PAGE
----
There may be some downsides to this very powerful technology of gene editing. If gene editing is advanced enough to alter genetic mutations then it is also able to alter the DNA for non-medical reasons. From a moral standpoint, some researches are worried that people will start altering their babies DNA for non-medical reasons before they’re even born. Using gene editing for non-medical purposes can cause a very detrimental effect on society. The reason it affects society is the way people are choosing to look at medical conditions such as down syndrome. Sara Chodosh (2017) discusses how parents of children with genetic conditions think it is offensive that some people would not want to have a child based on the fear that they might have the same condition. The parents believe it is offensive because by avoiding to have a child with those conditions make them seem unworthy or undesirable. Editing the genes of children who may have a disability reflect on society’s viewpoint of those who have disabilities.

The thought of using gene editing to alter physical characteristics such as height, hair color or eye color can not only effect that child, but could potentially affect their future children. Claire Maldarelli (2018) suggested the way gene editing plays a part in future generations by saying “edit reproductive cells like eggs, sperm, or embryos—collectively known as germline cells—and those edits carry on to every generation that follows.” (paragraph 5.) This statement is saying that whatever changes made to an embryo not only affect that baby being formed, but will affect all future generations of that babies family. Genes that are formed within humans are formed in such a way to resemble something of their parents. The more people start changing them, the more it will affect the generations that are to come.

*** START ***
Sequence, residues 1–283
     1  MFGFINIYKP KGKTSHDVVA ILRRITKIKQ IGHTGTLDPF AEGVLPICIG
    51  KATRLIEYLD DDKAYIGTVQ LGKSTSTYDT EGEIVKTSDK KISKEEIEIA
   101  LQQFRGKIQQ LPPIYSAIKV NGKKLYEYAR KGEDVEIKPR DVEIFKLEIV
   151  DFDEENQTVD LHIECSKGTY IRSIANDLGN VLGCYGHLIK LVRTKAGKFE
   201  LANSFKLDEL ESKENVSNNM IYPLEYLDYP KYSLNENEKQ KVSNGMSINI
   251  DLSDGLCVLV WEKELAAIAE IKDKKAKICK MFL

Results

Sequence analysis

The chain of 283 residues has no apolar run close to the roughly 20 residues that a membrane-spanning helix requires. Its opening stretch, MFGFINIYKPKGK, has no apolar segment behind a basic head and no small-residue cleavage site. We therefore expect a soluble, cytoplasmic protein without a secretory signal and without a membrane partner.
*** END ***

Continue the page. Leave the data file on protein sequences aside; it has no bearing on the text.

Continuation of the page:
The embryos that would be altered for non-medical purposes have gotten labeled as “designer babies.” This name is coming from the idea that babies could be designed instead of forming naturally.(Chodosh, 2017). The fear that comes along with is, if it will potentially affect the child’s health in a negative way as they grow. If there is no health issue within the embryo, people may not want to start changing what is already a healthy baby.

The only way to know if gene editing is beneficial or not is to run test trials. Countries such as Japan,China, United States and United Kingdom have started trials. China is the first country to perform 20 human trials. They are using CRISPR to edit the cells inside the body, which has never been done before. The main purpose of this trial is to destroy the genes that cause tumors to form which could lead to cervical cancer. This trial is still underway, but from the results of other gene editing trials, such as CAR-T, it is being hoped that CRISPR works just as well as CAR-T.